Here is the third of five questions I’m throwing at Romans 9-11: Why does Paul continue to care about Israel’s rejection of Christ?
Answer: Paul continues his argument about Israel because their rejection is part of God’s long plan, not a change to His plan.
If the answer to God’s faithfulness is that He always meant “Israel” to be the elect believers of any nationality, then 1) Would the Jews themselves swallow that interpretation? and, more significantly, 2) Why are chapters 10 and 11 still necessary? Paul maintains both that elect Jews and Gentiles are part of God’s people and that the Jews are still God’s elect nation. There is something shared and still a distinction.
There is something different about Israel’s rejection of Christ. It’s different because they should have known better. They had God’s law and should not have been ignorant of the righteousness that comes from Him. When the gospel was proclaimed they should have recognized the Lord. He is the “Lord of all,” so anyone who calls on Him will be saved (Romans 10:12). But the fact that Jews did not call on Him stands out because they had the Scripture already.
Their rejection is also different because it was foretold in their own Scripture. The Lord revealed in Deuteronomy (32:21) and in Isaiah (65:1; 29:10) and through David (Psalm 69:22-23) that they would reject Him:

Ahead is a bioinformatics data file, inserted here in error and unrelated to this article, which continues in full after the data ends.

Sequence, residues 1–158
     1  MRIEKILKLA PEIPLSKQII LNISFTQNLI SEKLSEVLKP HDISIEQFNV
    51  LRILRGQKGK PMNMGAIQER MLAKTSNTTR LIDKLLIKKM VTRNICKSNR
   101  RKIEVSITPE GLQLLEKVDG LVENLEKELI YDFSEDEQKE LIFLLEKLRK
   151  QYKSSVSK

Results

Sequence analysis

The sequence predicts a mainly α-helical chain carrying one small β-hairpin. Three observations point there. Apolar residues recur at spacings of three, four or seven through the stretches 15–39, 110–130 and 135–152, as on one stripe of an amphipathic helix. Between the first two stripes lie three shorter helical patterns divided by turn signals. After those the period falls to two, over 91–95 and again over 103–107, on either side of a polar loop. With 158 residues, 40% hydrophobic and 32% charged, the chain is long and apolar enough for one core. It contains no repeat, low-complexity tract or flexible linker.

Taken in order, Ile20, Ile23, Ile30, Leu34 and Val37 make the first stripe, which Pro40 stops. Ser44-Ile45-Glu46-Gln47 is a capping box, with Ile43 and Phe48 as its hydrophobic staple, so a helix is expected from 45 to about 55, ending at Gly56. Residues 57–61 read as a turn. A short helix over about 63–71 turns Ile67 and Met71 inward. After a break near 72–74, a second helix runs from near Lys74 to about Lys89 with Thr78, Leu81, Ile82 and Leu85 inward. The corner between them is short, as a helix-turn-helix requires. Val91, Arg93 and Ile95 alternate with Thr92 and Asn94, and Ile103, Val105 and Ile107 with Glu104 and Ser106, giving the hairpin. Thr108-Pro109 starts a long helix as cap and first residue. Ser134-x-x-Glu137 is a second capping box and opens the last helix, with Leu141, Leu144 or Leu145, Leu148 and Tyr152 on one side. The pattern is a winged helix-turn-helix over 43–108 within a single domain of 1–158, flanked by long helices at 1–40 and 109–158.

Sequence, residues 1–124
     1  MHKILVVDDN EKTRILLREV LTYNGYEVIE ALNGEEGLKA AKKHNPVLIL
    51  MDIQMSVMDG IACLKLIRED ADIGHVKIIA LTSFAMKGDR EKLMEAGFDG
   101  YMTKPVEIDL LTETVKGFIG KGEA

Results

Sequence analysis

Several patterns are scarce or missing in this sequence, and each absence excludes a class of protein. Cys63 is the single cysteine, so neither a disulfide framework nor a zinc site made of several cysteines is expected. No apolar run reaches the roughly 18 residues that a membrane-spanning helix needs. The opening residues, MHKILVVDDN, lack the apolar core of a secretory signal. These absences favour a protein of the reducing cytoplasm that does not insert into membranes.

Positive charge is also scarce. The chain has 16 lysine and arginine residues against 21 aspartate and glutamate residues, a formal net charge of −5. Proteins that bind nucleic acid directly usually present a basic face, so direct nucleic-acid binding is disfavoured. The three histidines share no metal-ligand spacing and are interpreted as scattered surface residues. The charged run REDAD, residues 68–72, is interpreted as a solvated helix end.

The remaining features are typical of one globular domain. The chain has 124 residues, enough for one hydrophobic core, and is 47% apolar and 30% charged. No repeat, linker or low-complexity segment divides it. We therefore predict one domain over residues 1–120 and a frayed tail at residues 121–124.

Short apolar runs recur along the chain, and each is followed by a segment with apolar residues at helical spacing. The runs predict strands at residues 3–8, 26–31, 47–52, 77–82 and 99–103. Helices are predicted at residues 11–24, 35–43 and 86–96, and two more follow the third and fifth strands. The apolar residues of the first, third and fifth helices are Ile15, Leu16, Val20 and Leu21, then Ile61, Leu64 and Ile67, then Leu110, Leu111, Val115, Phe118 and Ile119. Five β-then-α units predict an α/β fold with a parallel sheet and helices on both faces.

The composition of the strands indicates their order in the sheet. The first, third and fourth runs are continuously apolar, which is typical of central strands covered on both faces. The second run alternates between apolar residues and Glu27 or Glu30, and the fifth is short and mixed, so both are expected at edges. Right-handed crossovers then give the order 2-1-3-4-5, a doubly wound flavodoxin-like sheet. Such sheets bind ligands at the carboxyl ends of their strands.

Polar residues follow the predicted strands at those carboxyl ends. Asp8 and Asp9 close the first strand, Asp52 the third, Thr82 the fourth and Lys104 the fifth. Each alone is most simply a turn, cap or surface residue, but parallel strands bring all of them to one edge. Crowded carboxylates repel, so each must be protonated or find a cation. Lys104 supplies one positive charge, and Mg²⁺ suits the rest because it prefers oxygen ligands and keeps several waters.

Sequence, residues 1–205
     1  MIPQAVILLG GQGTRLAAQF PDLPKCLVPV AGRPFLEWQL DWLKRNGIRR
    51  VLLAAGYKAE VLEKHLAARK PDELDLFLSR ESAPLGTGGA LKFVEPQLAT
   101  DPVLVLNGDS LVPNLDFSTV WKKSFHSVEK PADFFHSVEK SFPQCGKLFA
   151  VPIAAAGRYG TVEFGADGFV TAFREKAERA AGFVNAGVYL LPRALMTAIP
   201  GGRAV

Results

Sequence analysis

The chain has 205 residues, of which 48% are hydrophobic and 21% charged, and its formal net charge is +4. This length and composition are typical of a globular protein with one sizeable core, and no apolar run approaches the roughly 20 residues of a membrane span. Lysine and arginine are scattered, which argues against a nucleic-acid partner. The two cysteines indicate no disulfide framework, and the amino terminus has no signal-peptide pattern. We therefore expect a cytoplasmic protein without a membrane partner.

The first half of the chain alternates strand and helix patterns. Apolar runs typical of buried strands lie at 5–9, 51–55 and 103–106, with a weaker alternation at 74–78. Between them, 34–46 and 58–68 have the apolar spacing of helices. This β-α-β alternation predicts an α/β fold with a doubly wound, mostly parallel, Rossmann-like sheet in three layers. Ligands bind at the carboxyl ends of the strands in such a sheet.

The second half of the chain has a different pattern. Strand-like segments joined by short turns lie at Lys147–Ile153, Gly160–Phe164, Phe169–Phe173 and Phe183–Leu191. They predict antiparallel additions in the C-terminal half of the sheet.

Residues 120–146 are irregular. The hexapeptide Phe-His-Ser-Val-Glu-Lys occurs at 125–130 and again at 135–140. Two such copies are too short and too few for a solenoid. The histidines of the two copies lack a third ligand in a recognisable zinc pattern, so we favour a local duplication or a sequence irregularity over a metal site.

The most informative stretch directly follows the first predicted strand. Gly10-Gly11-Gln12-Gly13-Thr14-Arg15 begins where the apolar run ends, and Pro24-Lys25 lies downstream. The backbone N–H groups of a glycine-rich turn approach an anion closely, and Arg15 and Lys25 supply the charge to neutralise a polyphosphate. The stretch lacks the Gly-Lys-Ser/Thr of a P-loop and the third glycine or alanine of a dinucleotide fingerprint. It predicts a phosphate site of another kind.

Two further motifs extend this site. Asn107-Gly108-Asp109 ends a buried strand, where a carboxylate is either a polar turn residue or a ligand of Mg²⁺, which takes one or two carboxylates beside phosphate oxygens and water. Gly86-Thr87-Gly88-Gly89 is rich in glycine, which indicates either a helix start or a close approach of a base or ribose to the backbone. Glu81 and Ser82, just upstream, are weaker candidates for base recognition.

as it is written,
“God gave them a spirit of stupor,
eyes that would not see
and ears that would not hear,
down to this very day.”
And David says,
“Let their table become a snare and a trap,
a stumbling block and a retribution for them;
let their eyes be darkened so that they cannot see,
and bend their backs forever.”
They are a disobedient nation (Romans 10:21) by plan, so that God might graft Gentiles into the root (Romans 11:11, 19-20, 25) without requiring their conversion to Judaism.
Which gets back to Paul’s own question, “I ask then, has God rejected his people?” (Romans 11:1) If “Israel” meant all believers, as in the church, then this question is nonsensical. To ask the question at all requires a maintained distinction between Jews and Gentiles. Their current rejection is what makes their future re-grafting (Romans 11:23-24) so gracious and such an witness for God’s trustworthy promises.